Date of Award:


Document Type:


Degree Name:

Master of Science (MS)


Mechanical and Aerospace Engineering

Committee Chair(s)

Ryan B. Berke


Ryan B. Berke


Thomas Fronk


Nadia Kouraytem


In extreme environments, such as hot-fire rocket testing, gathering strain data can be challenging due to temperature constraints. Traditional methods for measuring material deformation such as strain gages, a small device attached to a test specimen, cannot withstand the extreme temperature and tend to burn off. When these situations occur non-contacting methods such as Digital Image Correlation (DIC) are preferable. DIC is an optical method of measuring strains across the material’s entire surface by using a camera to track the deformation of a speckle pattern applied to the surface of a deforming object. When used at temperatures above approximately 500°C, the light emitted may saturate the camera image. A popular approach to high temperature DIC is to collect light in shorter wavelengths than emitted by the specimen, such as UV light. However, in a high-speed environment, UV-DIC has not previously been used as most high-speed cameras do not detect UV light. In the first portion of this thesis, UV-DIC is demonstrated using a device known as a UV intensifier that can essentially convert UV light into visible light that a high speed camera can detect.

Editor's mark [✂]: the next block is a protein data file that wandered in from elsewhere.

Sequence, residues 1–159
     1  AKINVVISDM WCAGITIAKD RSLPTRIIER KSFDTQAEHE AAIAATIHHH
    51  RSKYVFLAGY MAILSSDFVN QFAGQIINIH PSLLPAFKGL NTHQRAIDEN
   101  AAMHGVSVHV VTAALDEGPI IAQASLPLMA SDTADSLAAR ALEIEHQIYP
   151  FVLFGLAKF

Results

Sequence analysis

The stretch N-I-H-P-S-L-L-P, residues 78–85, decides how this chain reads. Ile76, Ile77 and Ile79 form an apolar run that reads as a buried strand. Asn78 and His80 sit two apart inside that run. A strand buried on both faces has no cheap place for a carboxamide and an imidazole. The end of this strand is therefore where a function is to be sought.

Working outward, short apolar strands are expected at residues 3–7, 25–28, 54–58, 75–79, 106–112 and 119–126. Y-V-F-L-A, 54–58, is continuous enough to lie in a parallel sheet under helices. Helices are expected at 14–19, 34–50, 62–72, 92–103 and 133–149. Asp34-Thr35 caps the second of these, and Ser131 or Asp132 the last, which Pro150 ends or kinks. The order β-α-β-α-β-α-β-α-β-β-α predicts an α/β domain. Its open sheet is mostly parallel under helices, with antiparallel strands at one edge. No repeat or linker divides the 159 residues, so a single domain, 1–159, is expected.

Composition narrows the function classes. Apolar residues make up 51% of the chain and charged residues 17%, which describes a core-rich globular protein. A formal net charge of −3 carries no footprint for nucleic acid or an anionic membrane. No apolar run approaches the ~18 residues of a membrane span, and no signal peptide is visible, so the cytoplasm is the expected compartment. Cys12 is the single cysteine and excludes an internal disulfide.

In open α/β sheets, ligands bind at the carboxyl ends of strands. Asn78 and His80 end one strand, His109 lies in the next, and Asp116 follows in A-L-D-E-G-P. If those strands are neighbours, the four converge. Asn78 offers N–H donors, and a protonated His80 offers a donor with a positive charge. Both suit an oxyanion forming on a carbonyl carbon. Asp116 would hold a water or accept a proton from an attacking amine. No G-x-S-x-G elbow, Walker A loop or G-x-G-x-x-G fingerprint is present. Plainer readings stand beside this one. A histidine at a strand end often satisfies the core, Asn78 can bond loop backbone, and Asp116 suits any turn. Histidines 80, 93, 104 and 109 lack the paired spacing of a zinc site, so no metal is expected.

Furthermore, for some materials used in the tracking pattern, a specimen initially speckled with a dark background and a light speckle at room temperature may then invert at high temperature to appear as a bright background with a less bright speckle. It was recently shown that this inversion can be mitigated by subtracting two images one containing emitted light and one containing emitted and reflected light. With the subtraction method no motion can occur between the subtracted images, limiting the approach to quasi-static measurements. In the second portion of this thesis, another approach is demonstrated which uses a color camera paired with a blue light source. Since color images can be split into the three color spaces red, green, and blue, the green data provides an inverted speckle image while the blue data provides an un-inverted speckle image, thus removing the requirement that both image be subtracted, and allowing data collection during faster experiments.